Photo/Illutration Along the main road at the southwestern side of Izu Oshima island is a stretch of a geological cross section running about 600 meters. It is known as Baumkuchen for its resemblance to the famous German cake. (Photo by Lisa Vogt)

Gazing at the thumbtacked postcard of Big Island, Hawaii, on the corkboard above my desk, I wondered how many islands in Japan are called Oshima, or “big island.”

I consulted my best friend, Wikipedia, and looking at the long list of names, lost count at 50. I then remembered hearing someone mention that cars on Izu Oshima island have Shinagawa plates because the isle is under Tokyo’s jurisdiction. It was with this thought that I decided that Izu Oshima would be my next destination for this column.

A nearly two-hour ride from Takeshiba Pier by a high-speed jet ferry will have you docked at Okada or Motomachi ports, depending on the sea conditions. My ferry arrived at Okada and, having imagined a sleepy country port with not much of anything, I was surprised to see an architecturally stunning modern terminal building reminiscent of a sea creature made of curved concrete lines.

It was designed by Atsushi Matsushita, who also created the Umihotaru Parking Area. The spick-and-span terminal opened last year and doubles as a ferry terminal and volcanic eruption and tsunami evacuation facility.

Many people visit the island from January to March to take part in the Tsubaki Matsuri (the Camelia Festival), which has been going strong since 1956. In August, a big summer festival with concerts, fireworks, and Miss Oshima and Miss Anko contests brings visitors from near and far.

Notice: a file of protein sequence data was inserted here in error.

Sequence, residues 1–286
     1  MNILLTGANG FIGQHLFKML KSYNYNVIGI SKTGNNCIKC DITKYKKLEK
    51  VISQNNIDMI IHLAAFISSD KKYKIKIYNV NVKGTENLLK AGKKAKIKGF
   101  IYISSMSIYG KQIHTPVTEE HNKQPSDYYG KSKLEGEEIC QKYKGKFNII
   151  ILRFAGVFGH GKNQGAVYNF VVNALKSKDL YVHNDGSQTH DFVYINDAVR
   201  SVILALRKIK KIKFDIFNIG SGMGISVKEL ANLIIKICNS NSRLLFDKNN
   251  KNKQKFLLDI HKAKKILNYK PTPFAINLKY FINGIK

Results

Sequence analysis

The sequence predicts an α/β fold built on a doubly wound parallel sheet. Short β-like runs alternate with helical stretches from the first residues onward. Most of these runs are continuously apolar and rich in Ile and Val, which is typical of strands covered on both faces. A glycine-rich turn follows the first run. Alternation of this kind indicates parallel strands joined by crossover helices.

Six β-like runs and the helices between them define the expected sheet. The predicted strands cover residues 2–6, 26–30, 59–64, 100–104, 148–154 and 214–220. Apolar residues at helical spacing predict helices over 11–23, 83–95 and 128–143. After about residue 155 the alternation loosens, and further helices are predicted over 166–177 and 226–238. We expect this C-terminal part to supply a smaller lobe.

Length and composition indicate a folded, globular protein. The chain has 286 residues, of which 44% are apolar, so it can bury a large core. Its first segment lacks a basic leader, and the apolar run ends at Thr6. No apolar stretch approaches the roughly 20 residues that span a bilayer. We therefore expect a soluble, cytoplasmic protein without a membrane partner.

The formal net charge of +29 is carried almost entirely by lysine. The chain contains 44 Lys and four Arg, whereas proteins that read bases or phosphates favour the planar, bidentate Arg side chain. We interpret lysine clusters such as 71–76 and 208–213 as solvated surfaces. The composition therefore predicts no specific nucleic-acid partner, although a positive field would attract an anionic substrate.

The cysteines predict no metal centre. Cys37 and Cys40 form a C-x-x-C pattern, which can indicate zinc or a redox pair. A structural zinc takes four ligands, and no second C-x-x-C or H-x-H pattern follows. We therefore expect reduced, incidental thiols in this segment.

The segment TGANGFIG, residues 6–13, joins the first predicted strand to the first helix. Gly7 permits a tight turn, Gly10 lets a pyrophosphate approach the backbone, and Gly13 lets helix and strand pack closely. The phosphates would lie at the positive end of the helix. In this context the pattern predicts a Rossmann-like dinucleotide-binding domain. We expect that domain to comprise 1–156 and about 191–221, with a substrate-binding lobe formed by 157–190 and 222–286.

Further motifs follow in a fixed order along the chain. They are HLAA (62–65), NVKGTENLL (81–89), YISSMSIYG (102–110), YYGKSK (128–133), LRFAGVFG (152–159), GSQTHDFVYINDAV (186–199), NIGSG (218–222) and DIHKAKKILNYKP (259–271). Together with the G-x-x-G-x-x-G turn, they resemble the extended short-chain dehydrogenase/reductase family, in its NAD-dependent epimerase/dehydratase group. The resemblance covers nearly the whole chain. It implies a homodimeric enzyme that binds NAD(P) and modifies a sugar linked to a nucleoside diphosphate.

The highlight of my trip was driving along the 630-meter-long seaside German tree cake, often called Baumkuchen. The stratigraphic cross section was revealed in 1953 when workers were constructing the paved road that goes around the island. It’s a perfect and rare specimen that shows the island’s 15,000 years of geological history.

The approximately 90-square-kilometer island is perhaps best known for Mount Mihara, an active volcano that erupted most recently in 1990. Despite almost everything being burned by lava, life finds a way of regenerating itself, and hiking the central cone volcano with its caldera summit, I found myself surrounded by greenery.

On the mountain, I enjoyed a boxed lunch of bekko-sushi, a locally caught whitefish that’s marinated in soy sauce and island chili peppers. Wasabi used to not be available on the island, but peppers are plentiful, so raw fish was traditionally eaten with togarashi-shoyu. I also ate a rice ball wrapped in ashitaba (a quick-growing green leaf that is part of the carrot family). Both were a first for me and absolutely delicious.

Oshima beckons.

(The author visited the island on March 22.)

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This article by Lisa Vogt, a Washington-born and Tokyo-based photographer, originally appeared in the May 3-10 issue of Asahi Weekly. It is part of the series "Lisa’s In and Around Tokyo," which depicts the capital and its surroundings through the perspective of the author, a professor at Meiji University.